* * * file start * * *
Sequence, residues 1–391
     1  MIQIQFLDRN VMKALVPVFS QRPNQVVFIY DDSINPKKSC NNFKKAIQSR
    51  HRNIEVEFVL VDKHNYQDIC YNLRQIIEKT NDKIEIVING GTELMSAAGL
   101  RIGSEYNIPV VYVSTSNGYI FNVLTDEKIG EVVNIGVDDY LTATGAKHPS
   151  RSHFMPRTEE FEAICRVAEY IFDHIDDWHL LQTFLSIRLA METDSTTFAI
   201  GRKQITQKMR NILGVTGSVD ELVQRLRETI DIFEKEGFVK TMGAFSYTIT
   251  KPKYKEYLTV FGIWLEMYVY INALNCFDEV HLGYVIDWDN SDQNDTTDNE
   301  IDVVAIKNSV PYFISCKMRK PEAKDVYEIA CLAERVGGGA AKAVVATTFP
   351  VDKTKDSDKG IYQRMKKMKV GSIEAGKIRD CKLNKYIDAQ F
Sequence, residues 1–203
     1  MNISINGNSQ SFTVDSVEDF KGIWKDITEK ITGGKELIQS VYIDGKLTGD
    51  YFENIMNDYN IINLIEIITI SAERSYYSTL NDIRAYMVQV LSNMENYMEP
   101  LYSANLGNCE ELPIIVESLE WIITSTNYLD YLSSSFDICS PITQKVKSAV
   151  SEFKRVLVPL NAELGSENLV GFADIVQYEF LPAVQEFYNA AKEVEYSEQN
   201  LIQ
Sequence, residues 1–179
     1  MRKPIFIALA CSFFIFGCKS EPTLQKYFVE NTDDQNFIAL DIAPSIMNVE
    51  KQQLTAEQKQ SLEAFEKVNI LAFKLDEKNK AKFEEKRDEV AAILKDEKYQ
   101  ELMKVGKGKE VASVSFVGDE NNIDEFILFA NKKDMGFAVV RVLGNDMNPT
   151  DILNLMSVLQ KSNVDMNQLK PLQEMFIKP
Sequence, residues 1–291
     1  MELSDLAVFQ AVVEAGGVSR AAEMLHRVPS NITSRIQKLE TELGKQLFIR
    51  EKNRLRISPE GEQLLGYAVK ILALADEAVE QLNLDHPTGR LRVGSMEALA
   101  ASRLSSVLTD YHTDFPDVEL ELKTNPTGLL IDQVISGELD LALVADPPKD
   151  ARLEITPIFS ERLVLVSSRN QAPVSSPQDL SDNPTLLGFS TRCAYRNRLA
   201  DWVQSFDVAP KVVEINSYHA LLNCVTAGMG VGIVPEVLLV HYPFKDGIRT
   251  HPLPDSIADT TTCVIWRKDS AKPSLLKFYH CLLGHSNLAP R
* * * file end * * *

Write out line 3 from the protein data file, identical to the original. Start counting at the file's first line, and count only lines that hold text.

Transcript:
    51  HRNIEVEFVL VDKHNYQDIC YNLRQIIEKT NDKIEIVING GTELMSAAGL